Bud gains a lot of inspiration for their creatives from other countries. Sjors: “Because we are an international brand, we can learn a lot from the countries we’re already present. We are the number one beer brand in the world, so in most countries we are market leader. America is a great example. The ambition, proudness, culture of sharing is something I find very interesting, and the creative process often starts with ambition. You set out to do something because you have a certain level of ambition. It doesn’t necessarily mean you want to make money or sell more beer; an ambition can also be to present the diversity in your partnerships. I’ve learned from other countries how you can get very far with an outspoken ambition. We are a beer brand, but we can play a broader role.”

According to Sjors, Bud also looks towards the market and its developments. “We look at what other brands are doing and the things that are already happening. Where the market is shifting towards. In the pilsner market we see a shift to a lower energy, as we like to call it. In a dark pub, a few nibbles, fireplace, on the sofa. That’s the craft beer vibe. And it makes sense, because craft beer is a huge trend. Pilsner is moving towards that. But you can’t forget that pilsner also represents party, festival, club, high energy. That’s something that has strengthened us. It’s already in our brand, fits our DNA and the taste of our beer. When we see all the others going a certain way, it strengthens us to go the complete opposite direction. The market is definitely an external factor influencing our creative process.”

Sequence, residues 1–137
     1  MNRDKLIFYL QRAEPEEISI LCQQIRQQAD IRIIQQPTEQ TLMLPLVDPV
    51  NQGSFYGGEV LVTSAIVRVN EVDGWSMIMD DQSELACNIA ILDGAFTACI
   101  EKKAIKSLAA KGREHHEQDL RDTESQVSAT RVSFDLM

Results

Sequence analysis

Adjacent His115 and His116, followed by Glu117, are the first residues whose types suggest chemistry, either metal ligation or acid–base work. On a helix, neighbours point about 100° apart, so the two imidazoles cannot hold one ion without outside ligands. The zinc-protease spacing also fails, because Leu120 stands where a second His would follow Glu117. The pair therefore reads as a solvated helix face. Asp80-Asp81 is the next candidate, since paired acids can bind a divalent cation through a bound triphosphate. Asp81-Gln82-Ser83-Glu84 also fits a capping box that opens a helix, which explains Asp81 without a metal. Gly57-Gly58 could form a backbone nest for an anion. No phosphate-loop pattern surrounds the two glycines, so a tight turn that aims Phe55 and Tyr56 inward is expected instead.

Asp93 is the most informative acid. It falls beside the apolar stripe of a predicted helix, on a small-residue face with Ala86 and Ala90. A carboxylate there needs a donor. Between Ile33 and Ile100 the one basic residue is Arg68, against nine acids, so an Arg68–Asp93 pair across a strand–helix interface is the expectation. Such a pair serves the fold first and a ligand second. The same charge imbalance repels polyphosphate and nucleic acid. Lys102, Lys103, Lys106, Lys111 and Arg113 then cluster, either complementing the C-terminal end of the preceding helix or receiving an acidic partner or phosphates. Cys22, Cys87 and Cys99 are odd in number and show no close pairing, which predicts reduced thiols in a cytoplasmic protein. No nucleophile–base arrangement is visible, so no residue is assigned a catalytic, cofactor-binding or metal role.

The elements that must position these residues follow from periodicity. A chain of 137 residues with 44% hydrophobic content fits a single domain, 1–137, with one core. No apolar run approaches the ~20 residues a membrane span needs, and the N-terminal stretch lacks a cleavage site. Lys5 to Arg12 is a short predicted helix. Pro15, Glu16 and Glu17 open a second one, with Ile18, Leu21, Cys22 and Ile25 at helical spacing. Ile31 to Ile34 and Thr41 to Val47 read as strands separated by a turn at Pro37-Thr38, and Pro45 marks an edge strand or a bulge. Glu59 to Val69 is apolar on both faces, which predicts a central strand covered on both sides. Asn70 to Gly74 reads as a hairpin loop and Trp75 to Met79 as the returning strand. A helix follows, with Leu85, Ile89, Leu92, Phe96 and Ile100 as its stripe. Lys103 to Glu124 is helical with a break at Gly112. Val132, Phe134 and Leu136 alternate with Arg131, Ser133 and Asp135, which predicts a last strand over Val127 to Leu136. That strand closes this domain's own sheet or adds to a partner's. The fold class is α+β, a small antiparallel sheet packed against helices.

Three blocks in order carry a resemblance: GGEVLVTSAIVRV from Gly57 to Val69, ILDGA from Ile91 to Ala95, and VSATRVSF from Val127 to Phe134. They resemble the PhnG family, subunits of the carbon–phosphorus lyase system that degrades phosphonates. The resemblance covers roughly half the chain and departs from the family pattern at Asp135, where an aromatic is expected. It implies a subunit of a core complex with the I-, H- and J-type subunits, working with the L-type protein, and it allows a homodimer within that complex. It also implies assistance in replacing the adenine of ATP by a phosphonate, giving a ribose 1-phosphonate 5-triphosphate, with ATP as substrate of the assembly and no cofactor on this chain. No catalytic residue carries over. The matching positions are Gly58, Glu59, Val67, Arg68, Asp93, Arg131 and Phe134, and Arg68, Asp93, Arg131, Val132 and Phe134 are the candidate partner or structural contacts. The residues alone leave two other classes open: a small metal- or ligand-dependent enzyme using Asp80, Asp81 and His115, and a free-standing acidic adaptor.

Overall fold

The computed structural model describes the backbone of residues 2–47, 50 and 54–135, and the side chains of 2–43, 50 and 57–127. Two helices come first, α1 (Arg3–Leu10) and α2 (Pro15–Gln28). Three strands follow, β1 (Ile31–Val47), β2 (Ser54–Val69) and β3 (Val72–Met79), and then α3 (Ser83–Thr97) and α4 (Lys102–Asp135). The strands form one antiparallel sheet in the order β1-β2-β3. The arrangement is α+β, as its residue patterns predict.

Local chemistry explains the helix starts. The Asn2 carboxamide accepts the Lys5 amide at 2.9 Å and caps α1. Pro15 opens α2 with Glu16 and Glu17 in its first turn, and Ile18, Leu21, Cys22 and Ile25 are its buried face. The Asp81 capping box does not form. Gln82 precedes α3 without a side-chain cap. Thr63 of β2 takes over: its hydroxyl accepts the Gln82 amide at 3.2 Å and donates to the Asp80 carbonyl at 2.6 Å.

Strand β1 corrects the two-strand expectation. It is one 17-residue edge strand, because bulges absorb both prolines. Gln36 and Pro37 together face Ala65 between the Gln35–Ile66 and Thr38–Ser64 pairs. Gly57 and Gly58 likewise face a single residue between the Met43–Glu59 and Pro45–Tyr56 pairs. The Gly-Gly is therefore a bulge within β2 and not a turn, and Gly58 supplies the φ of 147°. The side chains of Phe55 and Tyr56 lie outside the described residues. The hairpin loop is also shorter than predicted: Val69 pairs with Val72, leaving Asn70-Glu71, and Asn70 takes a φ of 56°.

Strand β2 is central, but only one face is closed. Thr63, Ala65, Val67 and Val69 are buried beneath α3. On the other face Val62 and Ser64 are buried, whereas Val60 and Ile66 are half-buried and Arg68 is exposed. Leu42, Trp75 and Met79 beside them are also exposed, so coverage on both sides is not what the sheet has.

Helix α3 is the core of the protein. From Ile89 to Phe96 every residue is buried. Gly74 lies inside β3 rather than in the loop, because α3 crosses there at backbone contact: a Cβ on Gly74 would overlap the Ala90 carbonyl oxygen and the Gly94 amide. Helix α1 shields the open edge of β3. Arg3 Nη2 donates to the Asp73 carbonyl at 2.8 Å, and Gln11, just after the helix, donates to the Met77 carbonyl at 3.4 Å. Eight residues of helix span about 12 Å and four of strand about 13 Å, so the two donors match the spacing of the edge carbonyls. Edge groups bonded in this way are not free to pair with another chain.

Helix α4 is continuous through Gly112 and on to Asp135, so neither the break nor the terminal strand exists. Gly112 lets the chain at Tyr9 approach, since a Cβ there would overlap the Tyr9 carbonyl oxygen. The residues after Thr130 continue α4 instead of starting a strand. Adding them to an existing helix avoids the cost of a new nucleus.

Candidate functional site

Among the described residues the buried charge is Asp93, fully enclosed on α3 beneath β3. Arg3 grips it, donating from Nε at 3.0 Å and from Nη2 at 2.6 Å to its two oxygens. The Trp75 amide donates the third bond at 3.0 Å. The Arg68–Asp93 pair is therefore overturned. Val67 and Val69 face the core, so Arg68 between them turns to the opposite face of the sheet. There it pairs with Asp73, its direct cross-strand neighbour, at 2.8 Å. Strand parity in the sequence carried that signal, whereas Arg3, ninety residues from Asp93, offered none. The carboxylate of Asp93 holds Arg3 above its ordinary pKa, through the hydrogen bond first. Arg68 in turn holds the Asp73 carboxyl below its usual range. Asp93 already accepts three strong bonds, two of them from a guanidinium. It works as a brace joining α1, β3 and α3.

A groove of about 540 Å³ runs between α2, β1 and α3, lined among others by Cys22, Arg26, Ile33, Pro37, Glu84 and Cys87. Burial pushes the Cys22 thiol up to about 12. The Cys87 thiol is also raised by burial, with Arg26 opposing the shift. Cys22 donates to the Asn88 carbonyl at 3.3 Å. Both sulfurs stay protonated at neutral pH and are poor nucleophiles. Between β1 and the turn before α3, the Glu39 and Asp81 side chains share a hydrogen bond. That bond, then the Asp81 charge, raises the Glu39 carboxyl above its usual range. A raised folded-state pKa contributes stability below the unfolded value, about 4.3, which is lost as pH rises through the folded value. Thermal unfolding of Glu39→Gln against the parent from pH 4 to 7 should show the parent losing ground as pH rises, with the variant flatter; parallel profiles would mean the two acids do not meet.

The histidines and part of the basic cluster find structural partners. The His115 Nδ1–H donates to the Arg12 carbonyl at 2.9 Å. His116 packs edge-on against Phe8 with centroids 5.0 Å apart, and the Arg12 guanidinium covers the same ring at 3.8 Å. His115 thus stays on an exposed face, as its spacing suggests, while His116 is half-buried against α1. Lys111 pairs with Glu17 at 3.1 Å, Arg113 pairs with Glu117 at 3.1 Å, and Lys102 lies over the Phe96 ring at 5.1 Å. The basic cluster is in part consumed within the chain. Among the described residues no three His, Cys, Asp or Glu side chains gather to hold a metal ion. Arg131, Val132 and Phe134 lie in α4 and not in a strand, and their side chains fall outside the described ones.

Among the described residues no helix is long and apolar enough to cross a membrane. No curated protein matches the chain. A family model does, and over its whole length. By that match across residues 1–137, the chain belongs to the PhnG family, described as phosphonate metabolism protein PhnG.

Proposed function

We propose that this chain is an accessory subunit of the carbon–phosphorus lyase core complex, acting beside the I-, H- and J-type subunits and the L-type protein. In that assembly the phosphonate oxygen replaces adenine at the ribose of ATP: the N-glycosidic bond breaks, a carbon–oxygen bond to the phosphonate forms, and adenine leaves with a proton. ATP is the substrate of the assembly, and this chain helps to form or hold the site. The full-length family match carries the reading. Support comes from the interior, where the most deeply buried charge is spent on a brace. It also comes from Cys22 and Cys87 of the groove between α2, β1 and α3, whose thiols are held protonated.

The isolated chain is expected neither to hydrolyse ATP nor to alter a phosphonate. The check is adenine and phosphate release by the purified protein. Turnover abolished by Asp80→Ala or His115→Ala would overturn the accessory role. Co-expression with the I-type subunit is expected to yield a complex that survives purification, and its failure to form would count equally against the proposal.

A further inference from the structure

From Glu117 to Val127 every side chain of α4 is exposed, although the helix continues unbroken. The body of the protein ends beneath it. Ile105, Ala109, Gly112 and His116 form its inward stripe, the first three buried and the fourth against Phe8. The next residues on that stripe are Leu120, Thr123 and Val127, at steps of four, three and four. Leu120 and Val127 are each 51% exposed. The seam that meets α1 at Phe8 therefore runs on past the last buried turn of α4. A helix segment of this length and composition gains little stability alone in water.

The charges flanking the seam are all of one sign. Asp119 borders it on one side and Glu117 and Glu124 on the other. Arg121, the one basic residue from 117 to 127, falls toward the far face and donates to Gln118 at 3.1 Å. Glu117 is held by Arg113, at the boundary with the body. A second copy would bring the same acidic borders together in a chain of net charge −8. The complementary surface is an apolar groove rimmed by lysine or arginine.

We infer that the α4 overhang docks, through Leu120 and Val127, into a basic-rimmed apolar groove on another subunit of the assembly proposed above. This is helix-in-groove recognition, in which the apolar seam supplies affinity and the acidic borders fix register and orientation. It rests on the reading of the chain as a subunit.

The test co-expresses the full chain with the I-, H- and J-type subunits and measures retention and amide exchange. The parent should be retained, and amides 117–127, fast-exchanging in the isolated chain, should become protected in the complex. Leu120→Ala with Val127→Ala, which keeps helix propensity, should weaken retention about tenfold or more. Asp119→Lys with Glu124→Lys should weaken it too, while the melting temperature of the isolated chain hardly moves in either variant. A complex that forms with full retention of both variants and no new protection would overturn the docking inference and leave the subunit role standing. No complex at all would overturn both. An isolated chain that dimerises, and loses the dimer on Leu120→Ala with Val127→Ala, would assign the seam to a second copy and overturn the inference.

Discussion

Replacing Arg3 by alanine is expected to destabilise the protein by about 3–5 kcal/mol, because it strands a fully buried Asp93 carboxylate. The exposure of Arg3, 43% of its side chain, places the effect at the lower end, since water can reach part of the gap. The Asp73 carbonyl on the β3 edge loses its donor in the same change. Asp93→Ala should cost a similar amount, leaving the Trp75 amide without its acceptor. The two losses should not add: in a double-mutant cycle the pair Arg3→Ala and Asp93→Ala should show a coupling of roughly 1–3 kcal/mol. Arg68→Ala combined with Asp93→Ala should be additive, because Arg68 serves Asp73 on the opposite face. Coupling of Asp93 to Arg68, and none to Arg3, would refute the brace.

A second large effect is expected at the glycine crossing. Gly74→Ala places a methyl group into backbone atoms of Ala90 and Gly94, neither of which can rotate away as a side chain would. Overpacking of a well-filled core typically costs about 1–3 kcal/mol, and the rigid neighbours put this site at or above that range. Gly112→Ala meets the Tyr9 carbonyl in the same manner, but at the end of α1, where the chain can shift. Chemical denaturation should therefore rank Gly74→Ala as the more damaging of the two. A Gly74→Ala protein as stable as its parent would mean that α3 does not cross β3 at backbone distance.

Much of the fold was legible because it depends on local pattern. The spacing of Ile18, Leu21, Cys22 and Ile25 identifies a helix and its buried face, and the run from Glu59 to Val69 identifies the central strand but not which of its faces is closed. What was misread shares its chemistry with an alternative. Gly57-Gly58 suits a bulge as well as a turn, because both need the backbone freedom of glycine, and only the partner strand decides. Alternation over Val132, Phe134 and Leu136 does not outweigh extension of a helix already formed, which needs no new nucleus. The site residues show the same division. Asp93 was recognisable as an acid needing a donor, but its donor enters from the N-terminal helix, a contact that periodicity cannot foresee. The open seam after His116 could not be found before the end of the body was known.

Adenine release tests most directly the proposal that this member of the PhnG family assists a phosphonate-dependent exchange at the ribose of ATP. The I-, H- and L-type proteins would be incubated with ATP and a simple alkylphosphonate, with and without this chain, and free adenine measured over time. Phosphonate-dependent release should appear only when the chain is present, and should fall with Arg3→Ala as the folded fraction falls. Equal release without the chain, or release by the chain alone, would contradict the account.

A talkable initiative

When it comes to testing their creatives, Sjors explains that Bud uses research in every phase. “We test the big creatives such as for TV, out of home and digital campaigns. Next to that, we look at our brand assets and how to activate the consumer to take us into consideration. Research is key here. We’ve also done focus groups, and have tested our tone of voice – whether we need to advertise in Dutch or in English – through quantitative research. So, we’ve validated everything. The question is how creative this all really is. Of course, you always add your own touch, but what is creative? I think it’s the combination of how we communicate, how we buy media, how we do things differently.”

Sjors: “When it comes to media, we have specifically chosen for a ‘talkable initiative’. We can put a tiny poster in a restroom with ‘the king of beers is finally here’, but we can also put it on a huge billboard in Amsterdam, which we have done repeatedly. They communicate the same message, but in a very different way. It’s important to stand out, both in your communication and the media you deploy. But you can also stand out through consistency. Continuing to innovate and building your brand within a certain framework, is very creative. With Bud, we try to stand out, be bold and communicate in a confident and different way. But in advertising, creatives also need to be effective, and lead to something. A large part of our efforts go into our partnerships, which are projects for the long term. I think there’s a lot of creativity in that. But it isn’t as measurable.”

The tip of the iceberg

Sjors explains that Bud is still introducing itself to the consumer: “You have to take a few years to introduce yourself, but along the way you can add some more depth. We are going to communicate more about how we taste, and what the brand stands for, stimulating creative partnerships and our outspoken ambition. There is a lot more to the brand than we’ve shown thus far. In the upcoming years, we’ll be moving towards that more and more.”

Disclaimer: This interview was held prior to the Covid-19 crisis.